Generally speaking, one of the fundamental lessons of the crisis is that when we underestimate financial risks and focus only on the short term, we set the stage for a future catastrophe. The new principles for bank remuneration, which the international community have agreed within the framework of the Financial Stability Board, were established precisely in order to ensure that there is no incentive for operators and traders in particular to favour the most risky attitudes and decisions, leading to illusory profits in the short term at the expense of the long-term interests of the financial enterprises concerned and the stability of the financial system as a whole.
We know how much banks’ balance sheets have been affected by the provisions for bad debts linked to toxic assets. Since the market for these structured products is still in difficulty, should the banks fear further write-downs on structured products?
That is a good question, but I do not believe that this is the most important problem facing European commercial banks today.
With regard to toxic assets, it should be borne in mind that the accounting rules play a major role in how they are entered on balance sheets. The rules differ on each side of the Atlantic. The question of harmonising the accounting rules in Europe and the United States is an important one that must also be addressed from the perspective of a fully harmonised global market for financial services.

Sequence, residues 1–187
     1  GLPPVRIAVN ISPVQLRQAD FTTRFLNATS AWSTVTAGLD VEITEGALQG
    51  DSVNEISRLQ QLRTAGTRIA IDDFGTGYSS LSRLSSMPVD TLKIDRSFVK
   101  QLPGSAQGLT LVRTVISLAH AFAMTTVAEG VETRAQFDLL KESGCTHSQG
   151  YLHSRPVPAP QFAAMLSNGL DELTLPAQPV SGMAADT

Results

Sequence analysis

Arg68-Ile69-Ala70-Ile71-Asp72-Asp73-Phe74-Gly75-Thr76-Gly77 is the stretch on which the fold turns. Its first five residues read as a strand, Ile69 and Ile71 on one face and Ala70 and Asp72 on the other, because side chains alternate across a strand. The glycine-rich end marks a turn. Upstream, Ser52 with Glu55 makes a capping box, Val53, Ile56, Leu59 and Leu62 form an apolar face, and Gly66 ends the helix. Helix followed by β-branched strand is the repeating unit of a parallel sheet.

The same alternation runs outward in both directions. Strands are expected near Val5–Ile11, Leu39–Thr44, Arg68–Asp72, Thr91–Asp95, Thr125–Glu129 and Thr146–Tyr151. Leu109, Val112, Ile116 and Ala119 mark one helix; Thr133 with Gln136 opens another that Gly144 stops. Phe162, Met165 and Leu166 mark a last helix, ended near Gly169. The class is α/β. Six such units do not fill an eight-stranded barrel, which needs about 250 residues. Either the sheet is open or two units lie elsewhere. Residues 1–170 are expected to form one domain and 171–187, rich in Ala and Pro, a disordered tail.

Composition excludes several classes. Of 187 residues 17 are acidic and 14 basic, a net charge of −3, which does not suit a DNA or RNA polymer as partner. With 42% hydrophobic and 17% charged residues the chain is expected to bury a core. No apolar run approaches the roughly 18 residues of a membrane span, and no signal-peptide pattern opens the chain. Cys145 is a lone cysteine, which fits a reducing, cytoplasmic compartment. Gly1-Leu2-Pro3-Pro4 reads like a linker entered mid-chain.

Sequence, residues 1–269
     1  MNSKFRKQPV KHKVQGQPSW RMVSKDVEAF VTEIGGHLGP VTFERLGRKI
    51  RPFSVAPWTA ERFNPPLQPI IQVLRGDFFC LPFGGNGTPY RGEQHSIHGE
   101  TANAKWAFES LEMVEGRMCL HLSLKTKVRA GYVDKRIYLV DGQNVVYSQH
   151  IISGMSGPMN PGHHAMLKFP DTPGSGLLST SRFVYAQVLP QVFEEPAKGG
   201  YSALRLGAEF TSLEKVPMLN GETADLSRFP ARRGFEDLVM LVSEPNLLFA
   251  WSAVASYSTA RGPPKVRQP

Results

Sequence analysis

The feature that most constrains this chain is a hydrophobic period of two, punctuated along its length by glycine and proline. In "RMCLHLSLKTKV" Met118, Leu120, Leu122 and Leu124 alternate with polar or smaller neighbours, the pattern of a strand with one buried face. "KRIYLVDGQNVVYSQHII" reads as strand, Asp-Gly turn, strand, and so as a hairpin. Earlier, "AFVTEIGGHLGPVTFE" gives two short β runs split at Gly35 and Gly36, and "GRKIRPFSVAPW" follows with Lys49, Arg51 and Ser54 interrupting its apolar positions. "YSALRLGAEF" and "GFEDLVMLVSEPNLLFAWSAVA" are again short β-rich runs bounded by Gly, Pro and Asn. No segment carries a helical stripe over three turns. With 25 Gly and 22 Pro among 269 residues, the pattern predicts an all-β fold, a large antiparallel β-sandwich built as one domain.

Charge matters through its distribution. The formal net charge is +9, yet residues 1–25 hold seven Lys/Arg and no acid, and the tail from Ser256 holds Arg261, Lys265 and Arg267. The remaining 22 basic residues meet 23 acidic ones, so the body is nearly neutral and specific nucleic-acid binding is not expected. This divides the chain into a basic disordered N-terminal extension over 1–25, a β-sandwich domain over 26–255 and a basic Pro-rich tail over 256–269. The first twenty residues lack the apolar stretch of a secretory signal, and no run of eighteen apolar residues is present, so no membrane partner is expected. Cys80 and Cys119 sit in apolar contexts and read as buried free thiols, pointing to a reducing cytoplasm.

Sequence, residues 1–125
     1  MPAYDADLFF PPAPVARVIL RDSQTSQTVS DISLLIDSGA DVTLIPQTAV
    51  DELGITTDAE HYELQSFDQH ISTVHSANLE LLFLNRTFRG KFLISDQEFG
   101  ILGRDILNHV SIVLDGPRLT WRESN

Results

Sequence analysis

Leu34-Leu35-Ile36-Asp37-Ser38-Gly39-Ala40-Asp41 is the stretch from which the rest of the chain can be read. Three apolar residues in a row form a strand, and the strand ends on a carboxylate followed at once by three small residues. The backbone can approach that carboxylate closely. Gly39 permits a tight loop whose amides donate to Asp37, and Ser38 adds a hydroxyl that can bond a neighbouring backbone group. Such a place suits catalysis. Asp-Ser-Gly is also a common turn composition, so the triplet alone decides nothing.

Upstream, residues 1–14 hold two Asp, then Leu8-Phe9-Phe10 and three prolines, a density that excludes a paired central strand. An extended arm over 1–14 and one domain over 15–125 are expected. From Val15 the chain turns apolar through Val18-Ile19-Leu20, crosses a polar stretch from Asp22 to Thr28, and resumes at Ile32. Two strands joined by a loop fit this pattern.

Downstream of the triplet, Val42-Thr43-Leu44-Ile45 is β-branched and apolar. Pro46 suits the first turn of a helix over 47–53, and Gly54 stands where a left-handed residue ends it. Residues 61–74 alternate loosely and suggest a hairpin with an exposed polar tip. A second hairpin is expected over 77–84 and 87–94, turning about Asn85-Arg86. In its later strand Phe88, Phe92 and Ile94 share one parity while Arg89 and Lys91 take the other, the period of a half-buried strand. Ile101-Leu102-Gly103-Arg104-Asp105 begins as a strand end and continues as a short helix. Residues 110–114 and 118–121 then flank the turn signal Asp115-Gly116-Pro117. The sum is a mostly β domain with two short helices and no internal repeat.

The Dubai crisis has caused large disparities in terms of country risk in the euro area. Greece and Ireland are currently facing long-term rates which are markedly higher than in countries with European core investors. Are you concerned about the situation in these countries?
The Dubai crisis is an illustration of the extent to which the global financial markets are nervous because you only need one crisis, relatively modest, to cause them to worry again. This makes me all the more convinced that we must continue to work together to increase the robustness and resilience of the international financial system. Those who believe that such efforts are futile and that we have returned to a scenario whereby it is “business as usual” are seriously mistaken.
That said, I am pleased about the decisions taken by the governments in the context of the ECOFIN Council with regard to the proposal by the European Commission to remedy the situation regarding their public finances. It is essential that European governments fully restore confidence in their ability to manage their public finances in a sound and sustainable manner in the long term. This confidence is a very important factor in the recovery. As regards Greece, which you mentioned, I shall simply reiterate what I said before the European Parliament: “Given the severity of the situation, I am confident that the Greek government will take the necessary and courageous measures in the near future.”